be courageous, and be valiant; show yourselves to be men of courage and valour, not fearing the king's sons, or any in company, or what will be the consequences of it; do your business effectually, and leave all with me; it is very reasonably supposed that Absalom had not only in view to revenge the rape of his sister, but to get himself next heir to the crown.

Now Absalom had commanded his servants, saying, Mark ye now when Amnon's heart is merry with wine, and when I say unto you, Smite Amnon; then kill him, fear not: have not {m} I commanded you? be courageous, and be valiant.

(m) Such is the pride of the wicked masters, that in all their wicked commandments they think to be obeyed.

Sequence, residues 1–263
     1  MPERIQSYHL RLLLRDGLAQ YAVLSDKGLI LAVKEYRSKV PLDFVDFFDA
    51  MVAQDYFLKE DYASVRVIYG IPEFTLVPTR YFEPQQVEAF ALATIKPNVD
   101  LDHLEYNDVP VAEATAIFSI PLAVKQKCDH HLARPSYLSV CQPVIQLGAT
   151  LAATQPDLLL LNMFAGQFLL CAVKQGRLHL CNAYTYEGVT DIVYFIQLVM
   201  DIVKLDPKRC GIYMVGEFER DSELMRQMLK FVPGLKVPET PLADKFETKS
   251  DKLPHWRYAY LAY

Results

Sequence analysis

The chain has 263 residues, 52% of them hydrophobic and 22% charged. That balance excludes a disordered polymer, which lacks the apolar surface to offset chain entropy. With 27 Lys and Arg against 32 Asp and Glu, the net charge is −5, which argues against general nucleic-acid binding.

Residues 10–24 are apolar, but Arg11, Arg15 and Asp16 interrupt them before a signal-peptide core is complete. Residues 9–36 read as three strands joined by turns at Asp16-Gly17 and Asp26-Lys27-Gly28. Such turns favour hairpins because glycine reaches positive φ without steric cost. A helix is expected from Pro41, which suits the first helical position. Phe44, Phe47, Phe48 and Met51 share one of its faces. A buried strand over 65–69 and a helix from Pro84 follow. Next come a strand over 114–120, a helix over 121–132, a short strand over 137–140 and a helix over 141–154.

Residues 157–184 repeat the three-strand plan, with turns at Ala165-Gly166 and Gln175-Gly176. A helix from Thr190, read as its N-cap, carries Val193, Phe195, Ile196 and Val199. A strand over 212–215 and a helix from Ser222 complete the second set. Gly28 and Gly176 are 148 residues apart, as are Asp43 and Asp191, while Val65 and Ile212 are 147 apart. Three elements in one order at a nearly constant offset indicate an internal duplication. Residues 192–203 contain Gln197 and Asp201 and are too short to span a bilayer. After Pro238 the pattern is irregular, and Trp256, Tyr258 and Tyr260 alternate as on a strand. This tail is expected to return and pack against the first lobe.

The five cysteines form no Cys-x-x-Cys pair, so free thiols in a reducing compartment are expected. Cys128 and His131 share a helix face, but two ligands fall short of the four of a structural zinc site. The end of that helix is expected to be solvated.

28. Now Absalom had commanded] And Absalom commanded. Absalom felt himself bound in honour to avenge his sister’s wrong, and moreover welcomed the pretext for getting rid of Amnon, who stood between himself and the succession to the throne.Verse 28. - Smite Amnon. The order was given before the banquet began, and every arrangement made to render the attack successful. Though Tamar's wrong was the mainspring of Absalom's conduct, yet neither he nor his men would forget that Amnon stood between him and the crown; and Amnon, entirely off his guard, never very wise at his best, and with his senses made dull by wine, seems to have fallen an easy prey. And as soon as the murder was committed, the rest of the king's sons, though all had attendants with them, fled in dismay, not knowing what might be the extent of Absalom's purpose. It is said that they fled on mules, this being the first place in which this animal is mentioned, as the word so translated in Genesis 36:24 really means "hot springs," and is so translated in the Revised Version. The breeding of hybrids was forbidden in Leviticus 19:19, and probably they were procured, as were horses, by trade. Up to this time the ass had been used for riding; but now David had a favourite mule (1 Kings 1:33), and Solomon received mules as tribute (1 Kings 10:25). Horses seem to have been used chiefly for chariots. When David heard "all these things," he became very wrathful; but Absalom did not speak to Amnon "from good to evil" (i.e., either good or evil, not a single word: Genesis 24:50), because he hated him for having humbled his sister. The lxx add to the words "he (David) was very wroth," the following clause: "He did not trouble the spirit of Amnon his son, because he loved him, for he was his first-born." This probably gives the true reason why David let such a crime as Amnon's go unpunished, when the law enjoined that incest should be punished with death (Leviticus 20:17); at the same time it is nothing but a subjective conjecture of the translators, and does not warrant us in altering the text. The fact that David was contented to be simply angry is probably to be accounted for partly from his own consciousness of guilt, since he himself had been guilty of adultery; but it arose chiefly from his indulgent affection towards his sons, and his consequent want of discipline. This weakness in his character bore very bitter fruit.